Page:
One other big point:  Take your time and be aware of your surroundings.  As you go along cutting or delimbing a tree, and work towards “bucking” the larger parts into sections, it’s very easy to have a huge mess of branches and cut logs laying around.  What’s the biggest safety hazard now?   That’s right… your work area.

You may think everything is going just fine, but then you step on a little round branch and your foot goes out from under you.  Don’t want that to happen.  So when you take breaks to fill the gas tank on the saw, use that time to clean up the work area around the place you’ll be cutting.  It’s peace of mind and a good habit to get into.   Otherwise, read and heed the safety intructions for using the chainsaw!

 Moving oak tree rounds in tractor loader bucket

Those are the core essentials for safety…  Did I miss anything else?   Oh… all the cut wood needs to be moved somewhere else right?  You’ll be doing a lot of lifting and a tractor or truck bed helps a lot.  Lift with the legs and not the back ’cause “The job ain’t over ’till it’s over.”   Eventually you’ll have a nice pile of wood ready to split.

Pile of oak tree rounds ready for splitting

Then it’s time for the axe, maul and wedges, or a good hydraulic splitter.    If firewood is an important part of your home heating in winter, then investing in a hydraulic splitter could be helpful.  After using one this year I’ve found it works about four times faster than I can with a maul.  Not only that, it splits the really difficult joints much more easily than possible by hand.  This angle joint was split in half, and then into four good-sized pieces of firewood.

Splitting oak rounds

But the splitter is no picnic either; you still have to lift and position a lot of wood.  You’ll get a good workout either way, but the hydraulic splitter makes it a much faster process.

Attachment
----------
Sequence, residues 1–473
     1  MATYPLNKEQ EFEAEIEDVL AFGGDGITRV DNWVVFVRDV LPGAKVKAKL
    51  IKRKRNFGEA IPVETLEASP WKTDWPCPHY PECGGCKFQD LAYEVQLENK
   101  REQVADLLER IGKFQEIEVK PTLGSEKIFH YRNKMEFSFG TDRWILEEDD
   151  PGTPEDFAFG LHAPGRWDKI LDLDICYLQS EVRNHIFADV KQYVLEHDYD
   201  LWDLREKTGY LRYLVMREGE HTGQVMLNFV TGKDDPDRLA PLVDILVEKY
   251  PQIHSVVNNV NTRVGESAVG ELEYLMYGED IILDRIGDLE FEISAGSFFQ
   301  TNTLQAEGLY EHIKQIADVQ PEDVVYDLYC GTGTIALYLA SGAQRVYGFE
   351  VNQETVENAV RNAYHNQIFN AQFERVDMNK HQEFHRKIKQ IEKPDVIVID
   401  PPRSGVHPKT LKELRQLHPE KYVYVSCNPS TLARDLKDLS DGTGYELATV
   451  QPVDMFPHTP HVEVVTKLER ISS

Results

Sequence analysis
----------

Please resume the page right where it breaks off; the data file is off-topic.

For now there’s a few other trees that need cut down and cut up. This hickory tree blew over in another windstorm, and it blocks a small area of grass I like to keep cut (actually it’s  on the way to the boy’s secret spot, so I need to do something about it!).  I haven’t decided quite how to “buck” it yet, and the fact that it sits higher makes it a little more dangerous.  Any ideas?

Hickory tree blown over in windstorm

And just so you don’t think I go around cutting up all the trees here’s a couple of other pictures.  This little oak tree is a Mossy Cup or Overcup Oak.  The young boy and I found the acorns under an enormous, very old tree in the county and brought them here to plant on our property two or three years ago.  Two of them sprouted and this little tree is doing well!  Who knows, maybe when the boy grows up he’ll see a beautiful oak tree, or someone else will be sitting under this tree a hundred years from now.

Mossy cup or Overcup oak tree growing from acorn

And at the end of the day it helps to look at the landscape and appreciate the beauty of the living trees around us.  I hope these continue to stand strong and tall for generations to come.

Autumn evening at Fox Haven Pond

Bucking a Tree in Autumn

October 14th, 2008

The last few weeks have been so busy, both at home and on the national economic front that it’s hard to keep focused at times.  Perhaps it’s the drumbeat of the seasons changing, and with winter coming we feel a pressing need to prepare.  It’s strange… sometimes it feels like there’s nothing more I can possibly write about or take pictures of.  Then I’ll see too many things and not have enough time to share them.  But lots of work accomplished this weekend outside.  Long days with the chainsaw that finally cleared a fallen tree.  This is Part I of the story, and Part II explores using a chainsaw safely.

This tree had been near the pond’s edge since April, blown over one night in 50 mph winds.  Here’s a picture the morning after I awoke to see it laying on it’s side.   Looks deceivingly small, but it was at least 50-60 feet tall.

Fallen oak tree in Spring 2008